Toshiba LCD This one's for Television.

Discussion in 'OT (OFF Topic) Forums' started by lexuscol, Oct 2, 2007.

  1. lexuscol

    lexuscol Hardcore MB Enthusiast

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    This post is mainly for Malcolm but anyone is welcome to join in.
    I have a Toshiba 17" lcd TV Model 17WL46B that won't play. I have had it in the local repairers and they say it needs a new PCB main board @ £280+ this is almost as much as the TV cost. I was wondering if the pcb could be repaired and if you were able or would want to take the task on?
    Fault: Blue standby/operating light flashes once when plugged in to the mains but the set is totally dead after that.
    PM me if interested.
    Regards
    Col
     
  2. Rory

    Rory MB Club Veteran

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    How old is it? Remember that the guarantee is *in addition* to your statutory rights.
     
  3. OP
    OP
    lexuscol

    lexuscol Hardcore MB Enthusiast

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    Purchased 2+1/2 years ago. out of warranty I'm afraid
     
  4. NiallerS320

    NiallerS320 Active Member

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  5. grober

    grober MB Club Veteran

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    Problem with modern PCB boards is that they are often " multilayer" that means there are several layers of connections/tracks on a board in addition to the surface one. This can make soldering in replacement components to effect repairs a nightmare or impossible. Often the only solution is board replacement. You might be able to get a cheaper replacement board from an alternative source - try TOSHIBA's national customer services Many of their sets are made in the UK so worth a try---or a second hand board from Ebay? Regretably when you take into account the repairers time it means the repair is uneconomic. Best to buy a new set which at least will have a warranty and a new display.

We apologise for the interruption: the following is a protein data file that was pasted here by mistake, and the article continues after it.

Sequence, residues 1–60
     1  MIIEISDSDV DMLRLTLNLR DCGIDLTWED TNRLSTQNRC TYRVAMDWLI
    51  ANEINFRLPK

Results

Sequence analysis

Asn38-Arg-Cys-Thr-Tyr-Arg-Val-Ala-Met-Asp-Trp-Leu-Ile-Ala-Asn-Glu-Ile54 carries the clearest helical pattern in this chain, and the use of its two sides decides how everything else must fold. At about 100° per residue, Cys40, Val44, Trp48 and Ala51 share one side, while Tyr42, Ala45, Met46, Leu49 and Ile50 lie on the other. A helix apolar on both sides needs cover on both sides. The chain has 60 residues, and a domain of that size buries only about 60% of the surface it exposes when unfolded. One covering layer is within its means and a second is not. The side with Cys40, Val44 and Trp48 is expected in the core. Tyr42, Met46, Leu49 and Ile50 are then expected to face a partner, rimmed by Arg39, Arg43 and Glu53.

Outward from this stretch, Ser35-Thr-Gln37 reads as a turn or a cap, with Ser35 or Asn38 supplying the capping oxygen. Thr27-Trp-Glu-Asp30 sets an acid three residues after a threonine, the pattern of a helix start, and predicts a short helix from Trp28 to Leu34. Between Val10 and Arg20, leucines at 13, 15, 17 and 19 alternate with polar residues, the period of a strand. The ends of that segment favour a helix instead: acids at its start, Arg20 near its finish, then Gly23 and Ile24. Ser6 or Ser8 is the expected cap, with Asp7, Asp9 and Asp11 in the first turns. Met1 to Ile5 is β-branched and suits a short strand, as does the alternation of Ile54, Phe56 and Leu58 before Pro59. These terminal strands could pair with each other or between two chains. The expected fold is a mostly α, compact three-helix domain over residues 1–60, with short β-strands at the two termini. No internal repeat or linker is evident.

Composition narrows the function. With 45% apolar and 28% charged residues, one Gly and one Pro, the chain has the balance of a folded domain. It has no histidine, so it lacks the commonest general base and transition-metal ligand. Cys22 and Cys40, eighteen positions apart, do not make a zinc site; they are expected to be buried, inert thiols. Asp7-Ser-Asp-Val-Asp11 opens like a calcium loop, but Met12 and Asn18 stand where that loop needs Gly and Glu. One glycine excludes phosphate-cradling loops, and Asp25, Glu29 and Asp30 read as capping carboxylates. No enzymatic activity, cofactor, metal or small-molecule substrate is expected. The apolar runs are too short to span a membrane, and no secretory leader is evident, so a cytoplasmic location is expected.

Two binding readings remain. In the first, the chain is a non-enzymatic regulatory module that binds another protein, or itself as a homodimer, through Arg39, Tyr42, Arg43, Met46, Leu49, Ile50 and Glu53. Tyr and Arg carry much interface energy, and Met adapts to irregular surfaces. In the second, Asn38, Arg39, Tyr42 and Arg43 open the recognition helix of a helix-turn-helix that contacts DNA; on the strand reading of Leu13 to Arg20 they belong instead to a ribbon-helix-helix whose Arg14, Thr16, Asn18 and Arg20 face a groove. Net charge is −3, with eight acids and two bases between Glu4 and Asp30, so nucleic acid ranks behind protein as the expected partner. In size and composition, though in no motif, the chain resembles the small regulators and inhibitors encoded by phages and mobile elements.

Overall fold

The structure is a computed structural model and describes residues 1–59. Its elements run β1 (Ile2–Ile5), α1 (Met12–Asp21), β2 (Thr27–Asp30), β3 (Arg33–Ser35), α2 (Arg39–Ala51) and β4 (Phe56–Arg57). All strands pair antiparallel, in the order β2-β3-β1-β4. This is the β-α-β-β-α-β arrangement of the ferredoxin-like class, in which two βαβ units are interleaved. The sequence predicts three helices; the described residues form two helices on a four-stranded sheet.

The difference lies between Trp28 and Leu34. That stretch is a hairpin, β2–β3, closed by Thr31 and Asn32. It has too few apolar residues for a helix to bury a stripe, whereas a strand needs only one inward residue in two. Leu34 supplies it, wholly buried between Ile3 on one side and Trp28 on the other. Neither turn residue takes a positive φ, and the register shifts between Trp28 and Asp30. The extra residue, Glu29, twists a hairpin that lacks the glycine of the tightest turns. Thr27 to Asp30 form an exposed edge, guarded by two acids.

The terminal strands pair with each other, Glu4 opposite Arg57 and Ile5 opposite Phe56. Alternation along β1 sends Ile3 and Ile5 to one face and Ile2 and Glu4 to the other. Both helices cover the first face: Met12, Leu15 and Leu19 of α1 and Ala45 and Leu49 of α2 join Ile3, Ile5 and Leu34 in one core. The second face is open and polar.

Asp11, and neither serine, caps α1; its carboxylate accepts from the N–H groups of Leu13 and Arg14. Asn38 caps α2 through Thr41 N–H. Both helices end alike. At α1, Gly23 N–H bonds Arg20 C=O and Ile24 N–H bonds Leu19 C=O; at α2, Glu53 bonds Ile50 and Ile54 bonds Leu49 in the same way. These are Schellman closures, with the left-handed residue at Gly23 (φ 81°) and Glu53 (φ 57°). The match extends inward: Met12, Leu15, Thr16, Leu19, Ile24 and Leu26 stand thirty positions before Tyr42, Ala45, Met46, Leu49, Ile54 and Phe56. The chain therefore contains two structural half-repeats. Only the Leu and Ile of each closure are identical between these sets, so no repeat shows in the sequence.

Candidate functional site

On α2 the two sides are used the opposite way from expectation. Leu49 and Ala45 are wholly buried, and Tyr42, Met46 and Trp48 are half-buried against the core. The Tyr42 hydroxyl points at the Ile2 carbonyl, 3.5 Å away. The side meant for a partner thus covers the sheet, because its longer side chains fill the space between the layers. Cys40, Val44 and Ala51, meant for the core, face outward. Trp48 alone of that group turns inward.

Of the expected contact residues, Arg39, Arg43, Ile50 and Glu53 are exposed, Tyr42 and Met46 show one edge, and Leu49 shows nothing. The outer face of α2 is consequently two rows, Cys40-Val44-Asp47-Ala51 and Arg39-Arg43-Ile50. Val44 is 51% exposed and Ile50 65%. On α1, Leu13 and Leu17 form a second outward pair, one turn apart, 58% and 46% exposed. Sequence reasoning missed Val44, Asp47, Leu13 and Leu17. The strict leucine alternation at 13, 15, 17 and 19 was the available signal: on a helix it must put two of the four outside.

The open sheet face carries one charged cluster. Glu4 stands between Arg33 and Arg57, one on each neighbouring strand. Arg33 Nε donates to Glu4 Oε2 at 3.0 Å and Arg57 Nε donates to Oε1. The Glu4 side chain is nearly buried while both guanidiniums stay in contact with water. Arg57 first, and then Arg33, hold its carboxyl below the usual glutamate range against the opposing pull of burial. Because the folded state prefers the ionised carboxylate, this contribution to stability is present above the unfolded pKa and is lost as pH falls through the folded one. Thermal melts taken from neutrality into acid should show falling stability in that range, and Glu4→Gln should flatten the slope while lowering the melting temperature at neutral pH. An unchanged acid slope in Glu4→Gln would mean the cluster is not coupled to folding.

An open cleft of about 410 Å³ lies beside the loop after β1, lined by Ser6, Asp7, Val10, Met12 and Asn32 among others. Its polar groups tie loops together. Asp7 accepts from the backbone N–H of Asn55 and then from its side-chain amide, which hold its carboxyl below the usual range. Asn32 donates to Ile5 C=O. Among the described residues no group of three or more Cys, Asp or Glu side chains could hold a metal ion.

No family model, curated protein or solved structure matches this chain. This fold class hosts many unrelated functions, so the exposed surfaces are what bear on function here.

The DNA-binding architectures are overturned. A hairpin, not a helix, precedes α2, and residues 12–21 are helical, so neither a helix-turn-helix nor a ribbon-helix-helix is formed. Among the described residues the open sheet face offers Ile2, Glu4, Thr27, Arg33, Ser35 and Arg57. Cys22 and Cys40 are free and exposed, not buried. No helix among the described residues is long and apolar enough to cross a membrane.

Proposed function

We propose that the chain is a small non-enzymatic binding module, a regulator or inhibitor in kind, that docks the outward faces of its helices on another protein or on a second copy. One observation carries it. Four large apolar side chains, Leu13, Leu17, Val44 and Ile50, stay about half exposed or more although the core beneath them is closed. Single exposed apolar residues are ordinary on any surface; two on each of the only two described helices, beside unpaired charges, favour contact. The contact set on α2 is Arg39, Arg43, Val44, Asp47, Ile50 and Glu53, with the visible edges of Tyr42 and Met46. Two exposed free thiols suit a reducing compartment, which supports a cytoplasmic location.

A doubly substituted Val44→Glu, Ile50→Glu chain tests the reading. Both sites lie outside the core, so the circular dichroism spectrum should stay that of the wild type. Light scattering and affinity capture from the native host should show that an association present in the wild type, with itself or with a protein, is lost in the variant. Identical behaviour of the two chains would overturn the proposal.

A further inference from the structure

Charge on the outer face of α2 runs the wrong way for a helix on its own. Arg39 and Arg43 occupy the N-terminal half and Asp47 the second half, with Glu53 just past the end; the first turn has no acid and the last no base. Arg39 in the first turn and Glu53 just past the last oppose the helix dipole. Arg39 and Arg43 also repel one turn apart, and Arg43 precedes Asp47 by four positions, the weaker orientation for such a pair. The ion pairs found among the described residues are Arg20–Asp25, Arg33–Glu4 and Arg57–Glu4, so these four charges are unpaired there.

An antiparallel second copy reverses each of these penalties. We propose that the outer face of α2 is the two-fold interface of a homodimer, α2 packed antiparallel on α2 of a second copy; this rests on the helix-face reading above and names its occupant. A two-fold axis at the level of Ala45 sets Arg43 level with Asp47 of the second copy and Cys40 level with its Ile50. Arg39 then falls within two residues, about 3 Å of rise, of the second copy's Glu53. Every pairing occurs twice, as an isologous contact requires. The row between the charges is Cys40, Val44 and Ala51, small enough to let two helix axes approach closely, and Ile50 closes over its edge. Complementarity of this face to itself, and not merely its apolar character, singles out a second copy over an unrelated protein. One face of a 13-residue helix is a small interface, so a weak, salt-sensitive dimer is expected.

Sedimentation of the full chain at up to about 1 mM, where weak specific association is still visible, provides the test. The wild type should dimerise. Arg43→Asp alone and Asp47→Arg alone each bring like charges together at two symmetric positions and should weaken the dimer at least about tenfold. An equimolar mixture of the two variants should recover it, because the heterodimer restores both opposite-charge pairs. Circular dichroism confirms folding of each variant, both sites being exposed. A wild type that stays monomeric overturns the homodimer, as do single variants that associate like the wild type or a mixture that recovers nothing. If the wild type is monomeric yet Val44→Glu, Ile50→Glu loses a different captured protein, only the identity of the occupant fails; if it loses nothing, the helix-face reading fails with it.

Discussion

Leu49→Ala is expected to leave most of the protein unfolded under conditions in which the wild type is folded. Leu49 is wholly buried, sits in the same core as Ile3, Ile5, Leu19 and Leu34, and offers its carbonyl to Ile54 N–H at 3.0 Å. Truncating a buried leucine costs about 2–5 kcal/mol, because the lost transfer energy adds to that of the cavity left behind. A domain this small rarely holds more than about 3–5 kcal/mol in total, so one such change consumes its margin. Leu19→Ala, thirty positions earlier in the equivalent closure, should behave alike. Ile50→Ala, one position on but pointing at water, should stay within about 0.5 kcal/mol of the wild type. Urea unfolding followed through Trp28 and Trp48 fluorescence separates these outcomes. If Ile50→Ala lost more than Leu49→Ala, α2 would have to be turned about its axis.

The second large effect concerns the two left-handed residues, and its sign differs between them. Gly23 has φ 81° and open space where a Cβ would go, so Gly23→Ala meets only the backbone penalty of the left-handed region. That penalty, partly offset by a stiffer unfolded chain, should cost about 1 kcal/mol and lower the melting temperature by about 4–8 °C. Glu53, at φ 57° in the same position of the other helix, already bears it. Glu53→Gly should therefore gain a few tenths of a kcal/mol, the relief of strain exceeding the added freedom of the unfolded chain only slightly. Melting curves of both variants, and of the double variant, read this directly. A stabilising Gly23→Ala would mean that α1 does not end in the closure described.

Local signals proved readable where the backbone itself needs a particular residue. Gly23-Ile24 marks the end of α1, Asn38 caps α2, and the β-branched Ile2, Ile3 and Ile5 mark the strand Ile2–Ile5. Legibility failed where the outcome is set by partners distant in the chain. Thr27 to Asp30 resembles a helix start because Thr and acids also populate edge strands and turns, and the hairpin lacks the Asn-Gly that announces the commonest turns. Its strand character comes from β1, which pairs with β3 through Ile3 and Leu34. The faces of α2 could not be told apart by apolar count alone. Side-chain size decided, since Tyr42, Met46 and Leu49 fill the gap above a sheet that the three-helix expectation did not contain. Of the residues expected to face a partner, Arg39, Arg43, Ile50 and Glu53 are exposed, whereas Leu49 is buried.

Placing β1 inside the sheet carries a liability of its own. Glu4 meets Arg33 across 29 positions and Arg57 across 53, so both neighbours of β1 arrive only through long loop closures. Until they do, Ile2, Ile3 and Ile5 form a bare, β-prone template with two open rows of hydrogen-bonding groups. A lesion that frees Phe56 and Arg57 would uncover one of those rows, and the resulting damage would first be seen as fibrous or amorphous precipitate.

6. Howard

    Howard MB Club Veteran

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    You can always Ebay the old broken one .... with something along the lines of ...

    'Might be an easy fix if you know what you are doing ' sort of thing ....

    Someone will buy it , guaranteed , and at least you'll get some of your money back ...

    We recently sold 4 scrap outboard motors ( they were going in the skip so i Ebayed them for a laugh , we own a boat shop so if they could have been economically repaired we would have done so ) ....

    Sold them all ( 4 different people ) for a few hundred quid ( we started the bidding at 99p :eek: ) so thats money for the Christmas party ...

    Madness. ....
     
  7. Rory

    Rory MB Club Veteran

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    It's a pain to pursue, but that's why I said that warranty is in addition to your statutory rights.

    The sales of Goods Act 1979 says (amongst other things) that items should last a reasonable length of time. I've had things repaired free at up to 4 yrs old, but legal liability rests with the retailer who sold it to you, so you have to take it up with them. Their usual response is to throw the shutters up, but if it's a bricks and mortar place like Comet etc, then get your Local Trading standards people to have a word with them.